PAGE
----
Do you ever feel excessively worried? A feeling of uneasiness which makes you tired, on edge, unable to sleep and is wearing down your body physically and mentally? This may indicate you are experiencing anxiety symptoms.
Anxiety is a common problem across the world and specifically affects 1 in 5 South Africans each year. Anxiety can be considered on a spectrum from general anxious feelings to more significant diagnoses of various anxiety disorders. Regardless of where you may fall on the spectrum of anxious feelings, the worry and fear experienced is a shared experience we can all relate to. Currently, the worldwide pandemic has increased levels of anxiety significantly due to a combination of fear and worry for this threat and the future. A hugely complex situation like this pandemic creates a complex anxiety which is why it may be more difficult than usual to cope with these feelings.
So, I want to be able to help you cope with these anxieties so that our mental health is as well protected as our physical health. Let us look at some strategies and techniques to help us cope.
First and most importantly, RECOGNISE AND ACKNOWLEDGE
Take time to self-reflect and recognise what is making you anxious. Recognise any maladaptive behaviours that are making it more difficult for you to cope (for example: binge drinking, self-harm, risk taking, etc.). And most importantly acknowledge this anxiety, acknowledge the feelings you are currently experiencing, and acknowledge and accept that it is 100%, totally and completely okay to be struggling.
Take care of your BODY
In “normal” everyday life, and especially during the pandemic, it is important to take care of your physical health. Limit alcohol and caffeine, eat healthy, get enough sleep and exercise frequently.
Take care of your MIND
Try to maintain a positive and optimistic attitude when you can, this is not always easy but is important to work on. Part of maintaining a positive and optimistic attitude is practicing techniques of mindfulness, deep breathing, body awareness and grounding techniques. These techniques allow you to connect with your mind and soul, and you can bring in your spirituality practices as well.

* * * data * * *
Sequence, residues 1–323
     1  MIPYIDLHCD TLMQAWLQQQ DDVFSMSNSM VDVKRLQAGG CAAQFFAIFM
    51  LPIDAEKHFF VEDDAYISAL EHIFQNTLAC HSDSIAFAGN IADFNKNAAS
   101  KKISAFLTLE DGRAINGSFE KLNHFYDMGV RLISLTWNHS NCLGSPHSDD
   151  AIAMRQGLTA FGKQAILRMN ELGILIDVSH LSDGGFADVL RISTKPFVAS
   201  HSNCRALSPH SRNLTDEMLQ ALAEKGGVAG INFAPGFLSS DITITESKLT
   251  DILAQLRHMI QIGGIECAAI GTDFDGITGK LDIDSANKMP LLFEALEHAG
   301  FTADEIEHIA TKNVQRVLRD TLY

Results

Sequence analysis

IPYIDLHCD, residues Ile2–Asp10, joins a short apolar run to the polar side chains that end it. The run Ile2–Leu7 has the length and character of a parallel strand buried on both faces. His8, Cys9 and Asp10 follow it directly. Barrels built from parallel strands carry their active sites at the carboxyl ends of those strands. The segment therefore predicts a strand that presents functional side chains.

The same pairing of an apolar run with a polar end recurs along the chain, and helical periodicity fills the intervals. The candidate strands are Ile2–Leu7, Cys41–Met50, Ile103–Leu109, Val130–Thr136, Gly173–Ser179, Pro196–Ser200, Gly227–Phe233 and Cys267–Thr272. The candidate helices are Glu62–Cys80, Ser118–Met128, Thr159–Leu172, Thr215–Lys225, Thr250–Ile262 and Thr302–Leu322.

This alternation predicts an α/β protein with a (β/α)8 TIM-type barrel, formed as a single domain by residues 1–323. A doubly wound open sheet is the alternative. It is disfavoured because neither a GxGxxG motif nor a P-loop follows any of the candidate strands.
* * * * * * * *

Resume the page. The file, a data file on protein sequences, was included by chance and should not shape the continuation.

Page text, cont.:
Take care of your MENTAL HEALTH
Now, thinking about your mental health is where we can bring in techniques to help specifically with anxiety but it is important to also remain aware of any other difficulties you are having (for example: depression, eating disorders, etc.).
We want to be able to counter anxiety-producing thoughts and create rational outcomes and positive counterstatements. So, how do we do this?
i) Relaxation techniques – yoga, meditation, calming music, getting a spa treatment, being present in nature, anything which relaxes you!
ii) Rationalisation – focus on the most likely scenario (for example: I will most likely be able to complete my work presentation even if I am nervous) and use past experiences to remind yourself that you have made it through similar anxiety provoking situations before.
iii) Emotional release – write down all of your anxieties on a piece of paper and tear it up / burn it / throw it away. Whilst doing this remind yourself that these anxieties do not control you, they are not who you are and you are releasing and removing them from your life.
iv) Worry list – create a list of your worries in order of most concerning to you to least concerning. Pick the least concerning worry to address first as this will probably be the easiest one to overcome and find a solution for whatever that situation is.
v) Build resilience – accept that not everything is within your means to control and even though things change and there can be chaos, like with the pandemic, stay focused on the bigger picture. It is easy to forget the bigger picture so if you need some help remembering stick some reminders up around your bedroom or workspace or wherever you see it most often (for example: it may be difficult right now to see if you will ever finish your degree with universities being closed so stick up notes around your desk saying “I will get this degree”, “I always work my hardest”, “I am trying my best”, etc).
vi) Anxiety journal – create an anxiety journal table to keep track of what your triggers are, what thoughts are produced because of this anxiety, what strategy you used to decrease that worry, and a positive counterstatement. Here is an example:
Trigger Immediate Thought Coping Strategy Positive Counter
Going to a party "No one will like me" Listened to calming "I have made friends
where you do "I'm going to say or do music in the car on the at other parties
not know anyone something embarrassing" way there quite easily"
"I do not look pretty Phoned a friend to get "I have topics which
enough" encouragement interest me to talk
Repeated the positive about"
counterstatement over "I look really good
and over in this new dress"
vii) Support – contact your friends and family for emotional support, whether that be in person or over technology, find your safe space to talk. You can also contact a professional for help and support if this is what you need.
viii) Self-care – finally, it is important always to practice self-care in whichever practice you enjoy. This could be taking a hot bath, reading a book, painting, etc.
Feeling anxious and sometimes overwhelmed by these worries is normal and completely understandable, especially currently, so please treat yourself with kindness, care, and compassion. Dealing with anxiety is a difficult journey and takes practice and time to manage. Please contact us if you have questions or needing any extra support.